I took a test recently and found that I could touch type comfortably at around 100 wpm... and if given some sort of autocorrect/intellisense then that would be even faster (who knows maybe 150 wpm?)...

I definitely do not program anywhere near that speed... This led me to wonder how exactly does one become faster at programming? Once I look at a problem and design the algorithm to solve it (the problem is solved... I know what i'm going after give or take some debug runs) why does it take so much longer for me to actually type up the program? What I found was that in general when I'm coding, until I am done typing a word... even if it is just the letter a or number 1, I cannot simultaneously think and type. What that means is that I can come up with stuff as I'm typing but I don't have the ability to look ahead. Its either one or the other... For example in writing this, I might have a feel for where this goes, but until my fingers hit the keyboard, I don't really know what I'm going to say next.

How do I change this? How do I get the ability to think ahead while typing so that I can take advantage of my typing speed?

Also just in general how does one become a faster problem solver? I know the usual list of practice (which I have no problem with) but is there any particular excercise one should emphasize to train their mind? For example is playing various logic games (sudoku etc...) carry much help in improving your sense of logic in other areas of programming?

Sorry its a bunch of questions at once but they are all sort of related...

P.S. Is it possible to use a stenograph to program? I've heard that users of stenographs can achieve blistering speeds like 200 - 300 wpm. Assuming I can somehow think faster... that would be pretty cool.

Obviously fast programming != good programming. But if your always training to become a better programmer, it doesn't hurt to be able to do it fast.

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    So much of what I do is thinking about how to solve a problem and how to design the code, that typing speed is never a bottleneck. – Oded Jun 14 '13 at 13:36
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    Duplicate of How important is the ability to touch-type? – Dan Pichelman Jun 14 '13 at 13:38
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    @DanPichelman Not a dupe, he's asking how to do it not how important it is. – Dynamic Jun 14 '13 at 13:43
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    we discussed it several times, look around for dupe threads. typing speed is mostly irrelevant wrt programming speed, and no one besides Chuck Norris will hell out working code at 100 wpm – Balog Pal Jun 14 '13 at 13:43
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    I type approximately 100wpm, but that's only relevant when I'm transposing direct text. Even typing this comment I'm going much slower because I have to let my thoughts formulate before they can move through my fingers. Coding is even slower than that. Even with a terrific road map of code ready to go it's never going to be that fast. I'd say if you're coding at 100wpm then you're doing something terribly terribly wrong. – Joel Etherton Jun 14 '13 at 13:56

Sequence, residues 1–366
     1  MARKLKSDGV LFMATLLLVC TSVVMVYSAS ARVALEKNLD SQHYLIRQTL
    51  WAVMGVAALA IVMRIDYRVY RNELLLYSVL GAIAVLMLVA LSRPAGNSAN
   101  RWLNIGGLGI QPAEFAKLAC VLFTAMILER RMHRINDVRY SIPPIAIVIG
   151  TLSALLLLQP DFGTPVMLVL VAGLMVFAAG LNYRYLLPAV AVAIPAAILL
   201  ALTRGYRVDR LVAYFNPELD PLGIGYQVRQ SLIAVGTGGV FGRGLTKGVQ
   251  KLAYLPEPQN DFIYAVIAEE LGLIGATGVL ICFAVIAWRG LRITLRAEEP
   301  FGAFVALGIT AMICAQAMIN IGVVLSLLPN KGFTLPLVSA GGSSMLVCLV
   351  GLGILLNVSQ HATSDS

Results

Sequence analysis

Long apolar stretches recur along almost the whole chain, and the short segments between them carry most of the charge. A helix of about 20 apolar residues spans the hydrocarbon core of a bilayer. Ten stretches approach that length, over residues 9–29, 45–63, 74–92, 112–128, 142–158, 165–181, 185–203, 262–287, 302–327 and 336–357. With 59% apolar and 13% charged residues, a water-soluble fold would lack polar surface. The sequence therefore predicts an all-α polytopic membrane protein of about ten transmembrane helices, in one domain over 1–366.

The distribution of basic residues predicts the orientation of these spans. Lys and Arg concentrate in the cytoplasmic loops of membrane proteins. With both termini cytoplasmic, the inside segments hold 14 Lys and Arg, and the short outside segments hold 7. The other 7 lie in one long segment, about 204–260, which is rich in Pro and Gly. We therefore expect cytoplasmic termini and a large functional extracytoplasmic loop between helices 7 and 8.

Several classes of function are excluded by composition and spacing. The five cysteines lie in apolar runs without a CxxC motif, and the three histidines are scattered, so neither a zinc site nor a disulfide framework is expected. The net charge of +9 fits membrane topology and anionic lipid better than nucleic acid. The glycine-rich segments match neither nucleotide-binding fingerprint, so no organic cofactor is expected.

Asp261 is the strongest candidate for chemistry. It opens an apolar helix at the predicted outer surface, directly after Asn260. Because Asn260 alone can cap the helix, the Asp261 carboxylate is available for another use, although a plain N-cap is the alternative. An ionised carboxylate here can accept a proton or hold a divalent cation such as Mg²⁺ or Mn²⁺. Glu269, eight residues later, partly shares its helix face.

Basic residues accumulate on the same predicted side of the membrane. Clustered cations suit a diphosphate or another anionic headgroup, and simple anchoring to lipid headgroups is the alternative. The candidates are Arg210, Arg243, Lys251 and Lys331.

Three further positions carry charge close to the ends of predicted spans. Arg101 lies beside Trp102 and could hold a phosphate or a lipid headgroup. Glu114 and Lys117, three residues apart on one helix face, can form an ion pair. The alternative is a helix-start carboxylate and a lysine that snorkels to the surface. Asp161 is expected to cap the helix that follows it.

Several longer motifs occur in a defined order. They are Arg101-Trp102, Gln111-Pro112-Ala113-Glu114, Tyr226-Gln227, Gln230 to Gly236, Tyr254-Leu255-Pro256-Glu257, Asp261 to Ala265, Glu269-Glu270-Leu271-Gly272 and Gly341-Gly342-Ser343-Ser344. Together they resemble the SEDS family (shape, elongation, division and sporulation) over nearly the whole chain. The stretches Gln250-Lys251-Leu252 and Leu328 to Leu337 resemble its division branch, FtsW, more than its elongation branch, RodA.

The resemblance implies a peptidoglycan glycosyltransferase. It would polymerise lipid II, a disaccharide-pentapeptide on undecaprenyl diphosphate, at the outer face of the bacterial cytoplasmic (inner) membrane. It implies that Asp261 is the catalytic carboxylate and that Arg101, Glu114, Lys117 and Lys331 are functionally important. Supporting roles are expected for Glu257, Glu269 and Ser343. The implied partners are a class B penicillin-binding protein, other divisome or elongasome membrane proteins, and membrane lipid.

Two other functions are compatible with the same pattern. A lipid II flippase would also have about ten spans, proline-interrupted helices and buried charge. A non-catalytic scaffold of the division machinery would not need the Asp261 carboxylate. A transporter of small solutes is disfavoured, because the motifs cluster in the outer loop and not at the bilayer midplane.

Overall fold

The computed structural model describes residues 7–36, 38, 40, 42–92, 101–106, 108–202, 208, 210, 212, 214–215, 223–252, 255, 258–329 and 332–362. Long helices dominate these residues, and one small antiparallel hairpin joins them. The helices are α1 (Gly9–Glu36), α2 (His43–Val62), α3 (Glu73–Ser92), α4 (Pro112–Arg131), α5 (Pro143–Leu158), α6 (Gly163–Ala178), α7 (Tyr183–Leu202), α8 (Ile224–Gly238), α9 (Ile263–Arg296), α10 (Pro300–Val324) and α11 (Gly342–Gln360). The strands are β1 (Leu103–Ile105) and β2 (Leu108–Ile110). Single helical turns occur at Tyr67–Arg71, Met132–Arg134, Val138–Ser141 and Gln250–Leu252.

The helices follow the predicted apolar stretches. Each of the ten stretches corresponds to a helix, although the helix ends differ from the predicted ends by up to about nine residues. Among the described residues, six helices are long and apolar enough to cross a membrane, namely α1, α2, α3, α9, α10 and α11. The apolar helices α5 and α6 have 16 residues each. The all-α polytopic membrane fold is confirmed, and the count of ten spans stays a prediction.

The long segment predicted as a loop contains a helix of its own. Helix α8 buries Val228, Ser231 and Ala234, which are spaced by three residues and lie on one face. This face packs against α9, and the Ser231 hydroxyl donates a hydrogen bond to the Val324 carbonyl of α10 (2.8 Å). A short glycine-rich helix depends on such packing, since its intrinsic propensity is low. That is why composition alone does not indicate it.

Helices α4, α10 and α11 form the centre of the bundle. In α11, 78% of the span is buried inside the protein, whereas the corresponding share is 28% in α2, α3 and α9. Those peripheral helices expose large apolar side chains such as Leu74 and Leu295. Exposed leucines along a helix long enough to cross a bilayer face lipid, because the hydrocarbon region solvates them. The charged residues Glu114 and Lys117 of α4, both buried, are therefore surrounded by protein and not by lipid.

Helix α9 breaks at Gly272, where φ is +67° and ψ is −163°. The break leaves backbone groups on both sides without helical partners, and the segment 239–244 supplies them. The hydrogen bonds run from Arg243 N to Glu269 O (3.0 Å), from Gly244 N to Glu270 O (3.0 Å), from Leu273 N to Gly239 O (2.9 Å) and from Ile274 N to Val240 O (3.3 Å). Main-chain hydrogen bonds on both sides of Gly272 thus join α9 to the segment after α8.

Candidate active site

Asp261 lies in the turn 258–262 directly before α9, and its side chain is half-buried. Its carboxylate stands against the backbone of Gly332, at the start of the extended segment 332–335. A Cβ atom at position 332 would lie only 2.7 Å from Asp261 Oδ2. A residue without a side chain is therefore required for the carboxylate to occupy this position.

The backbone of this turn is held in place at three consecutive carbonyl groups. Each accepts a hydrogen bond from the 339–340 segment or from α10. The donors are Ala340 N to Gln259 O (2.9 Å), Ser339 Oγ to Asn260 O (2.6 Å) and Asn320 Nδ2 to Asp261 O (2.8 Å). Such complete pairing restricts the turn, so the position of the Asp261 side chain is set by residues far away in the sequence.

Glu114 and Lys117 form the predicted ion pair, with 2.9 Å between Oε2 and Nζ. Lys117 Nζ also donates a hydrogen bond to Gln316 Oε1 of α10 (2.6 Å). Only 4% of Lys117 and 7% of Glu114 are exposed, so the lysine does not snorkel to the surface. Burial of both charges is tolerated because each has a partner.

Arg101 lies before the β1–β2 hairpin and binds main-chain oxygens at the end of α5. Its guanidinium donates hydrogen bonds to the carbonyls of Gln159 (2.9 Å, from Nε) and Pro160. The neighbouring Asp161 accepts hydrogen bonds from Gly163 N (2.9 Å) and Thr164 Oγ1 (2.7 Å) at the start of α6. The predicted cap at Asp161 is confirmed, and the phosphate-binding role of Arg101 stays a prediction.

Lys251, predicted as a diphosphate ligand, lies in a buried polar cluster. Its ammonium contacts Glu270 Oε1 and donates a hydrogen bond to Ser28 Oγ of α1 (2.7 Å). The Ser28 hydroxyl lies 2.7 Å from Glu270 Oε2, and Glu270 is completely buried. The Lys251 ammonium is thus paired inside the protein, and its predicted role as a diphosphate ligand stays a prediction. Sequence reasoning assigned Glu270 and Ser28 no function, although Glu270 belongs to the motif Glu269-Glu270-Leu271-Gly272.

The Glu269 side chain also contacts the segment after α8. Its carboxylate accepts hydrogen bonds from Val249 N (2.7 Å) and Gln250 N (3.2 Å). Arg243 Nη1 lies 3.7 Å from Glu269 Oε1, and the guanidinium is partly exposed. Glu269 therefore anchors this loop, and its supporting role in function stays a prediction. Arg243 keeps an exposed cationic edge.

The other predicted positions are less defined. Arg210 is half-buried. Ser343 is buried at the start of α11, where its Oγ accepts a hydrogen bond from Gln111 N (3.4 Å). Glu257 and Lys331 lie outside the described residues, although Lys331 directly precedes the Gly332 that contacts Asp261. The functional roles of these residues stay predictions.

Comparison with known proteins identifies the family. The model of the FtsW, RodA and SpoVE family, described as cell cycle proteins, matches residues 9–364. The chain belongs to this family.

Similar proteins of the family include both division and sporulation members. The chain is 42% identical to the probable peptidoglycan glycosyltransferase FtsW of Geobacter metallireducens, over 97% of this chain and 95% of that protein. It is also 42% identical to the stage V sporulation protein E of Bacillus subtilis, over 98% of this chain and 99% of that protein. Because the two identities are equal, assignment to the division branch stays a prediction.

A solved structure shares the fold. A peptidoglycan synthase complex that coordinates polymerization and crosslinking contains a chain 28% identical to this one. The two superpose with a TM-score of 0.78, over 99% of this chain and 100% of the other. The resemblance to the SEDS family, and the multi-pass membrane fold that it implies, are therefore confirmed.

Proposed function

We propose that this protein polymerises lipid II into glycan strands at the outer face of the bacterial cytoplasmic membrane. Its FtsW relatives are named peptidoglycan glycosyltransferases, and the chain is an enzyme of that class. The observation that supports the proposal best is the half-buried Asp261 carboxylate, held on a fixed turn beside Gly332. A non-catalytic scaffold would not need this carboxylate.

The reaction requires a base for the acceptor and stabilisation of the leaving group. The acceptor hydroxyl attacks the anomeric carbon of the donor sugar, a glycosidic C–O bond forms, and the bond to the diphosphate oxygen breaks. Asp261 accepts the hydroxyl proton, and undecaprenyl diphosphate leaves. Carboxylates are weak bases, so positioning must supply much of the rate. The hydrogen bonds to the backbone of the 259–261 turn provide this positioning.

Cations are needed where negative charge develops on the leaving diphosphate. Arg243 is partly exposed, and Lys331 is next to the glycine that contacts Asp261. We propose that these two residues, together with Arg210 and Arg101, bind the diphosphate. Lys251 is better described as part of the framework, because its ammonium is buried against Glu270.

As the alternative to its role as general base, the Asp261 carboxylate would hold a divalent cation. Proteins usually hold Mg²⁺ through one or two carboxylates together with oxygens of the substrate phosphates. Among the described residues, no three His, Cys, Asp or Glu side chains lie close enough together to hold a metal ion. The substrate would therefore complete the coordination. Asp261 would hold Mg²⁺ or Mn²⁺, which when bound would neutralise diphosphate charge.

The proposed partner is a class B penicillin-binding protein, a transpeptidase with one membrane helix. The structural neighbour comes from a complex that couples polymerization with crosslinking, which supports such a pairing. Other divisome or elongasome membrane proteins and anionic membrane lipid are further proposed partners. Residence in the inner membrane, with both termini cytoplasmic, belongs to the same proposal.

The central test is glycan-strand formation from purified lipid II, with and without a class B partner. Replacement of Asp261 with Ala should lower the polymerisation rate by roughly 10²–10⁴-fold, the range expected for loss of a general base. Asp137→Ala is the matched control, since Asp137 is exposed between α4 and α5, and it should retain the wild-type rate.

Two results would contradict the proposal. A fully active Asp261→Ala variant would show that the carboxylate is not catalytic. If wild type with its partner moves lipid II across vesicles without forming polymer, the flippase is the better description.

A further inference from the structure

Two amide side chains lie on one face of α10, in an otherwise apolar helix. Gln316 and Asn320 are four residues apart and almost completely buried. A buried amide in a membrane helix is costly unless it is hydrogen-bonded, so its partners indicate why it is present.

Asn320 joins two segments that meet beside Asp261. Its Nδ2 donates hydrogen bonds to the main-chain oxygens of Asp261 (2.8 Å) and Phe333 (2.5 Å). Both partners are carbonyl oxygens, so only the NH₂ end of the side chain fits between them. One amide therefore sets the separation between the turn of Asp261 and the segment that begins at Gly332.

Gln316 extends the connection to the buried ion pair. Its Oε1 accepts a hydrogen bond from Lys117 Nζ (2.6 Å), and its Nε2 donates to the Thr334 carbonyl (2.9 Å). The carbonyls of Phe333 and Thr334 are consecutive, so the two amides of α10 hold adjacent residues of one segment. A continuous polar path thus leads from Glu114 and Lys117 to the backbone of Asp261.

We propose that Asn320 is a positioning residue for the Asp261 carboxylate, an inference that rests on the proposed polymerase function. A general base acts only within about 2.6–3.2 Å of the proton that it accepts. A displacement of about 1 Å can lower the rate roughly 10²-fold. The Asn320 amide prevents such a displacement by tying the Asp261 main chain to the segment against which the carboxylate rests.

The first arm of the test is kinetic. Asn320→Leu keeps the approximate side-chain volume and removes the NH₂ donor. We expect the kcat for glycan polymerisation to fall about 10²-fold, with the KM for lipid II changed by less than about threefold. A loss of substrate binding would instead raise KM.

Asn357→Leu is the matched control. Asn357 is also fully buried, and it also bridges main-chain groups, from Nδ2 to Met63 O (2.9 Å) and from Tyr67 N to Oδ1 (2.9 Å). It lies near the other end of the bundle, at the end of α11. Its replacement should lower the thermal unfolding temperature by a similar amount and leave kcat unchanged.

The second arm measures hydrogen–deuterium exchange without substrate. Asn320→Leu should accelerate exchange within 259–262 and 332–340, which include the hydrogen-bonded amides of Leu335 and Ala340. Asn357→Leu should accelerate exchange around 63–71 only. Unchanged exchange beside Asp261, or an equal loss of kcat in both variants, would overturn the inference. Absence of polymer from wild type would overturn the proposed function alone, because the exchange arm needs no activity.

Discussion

Some very pessimistic answers here. I can speak from personal experience that it is absolutely possible to touch-type programming. But that's not really the issue, right? I mean you're REALLY asking "how can I be a more productive programmer?" Let's take a look at some of the factors:

  1. How verbose the language is. I'm a java programmer and I can easily type at maximum speed doing things like making getter and setter methods on a POJO. But some languages don't even require the creation of these boilerplate methods. And Eclipse has tools for autogenerating these. In Python you can accomplish in a single line which takes Java ten lines. So typing slowly in Python is just as efficient at typing quickly in Java?

  2. How well you planned ahead. If you start working on something with vague intentions, you will be spending more time thinking instead of writing. If you have a good understanding of what code is already existing and you know exactly how to approach your solution, then you can expect to get things done more quickly. BUT you're still spending extra time planning ahead. So is the total amount of time spent equal? Different people work better with different styles. Some people prefer to jump straight into the fire and fight their way through.

  3. How distracted or focused you are. Some people think it's a good idea to listen to music to tone out their environment. Some people like peace and quiet, and some people actually enjoy a noisy environment. I personally think that meditation is THE KEY to getting good focus. Most people don't realize how little control they have over their mind. Twenty minutes of meditation every day can make an incredible difference in your clarity of mind, translating to hightened productivity.

  4. How healthy you are. The health of your brain is directly related to the health of your body. Avoid smoking, consuming alcohol or caffeine, eating heavy or unhealthy food, taking unnecessary medications, etc. Get the right amount of sleep each night, which is different for every person. You'll be amazed at the difference this makes.

  5. How much stress you're under, how long you've been working, how many babies are crying in the background, etc, etc, etc... There are too many factors to list here. It's worth mentioning again that meditation can help with these things. Your mind is a beast and if you don't tame it then it controls you, instead of you controlling it.

Happy coding!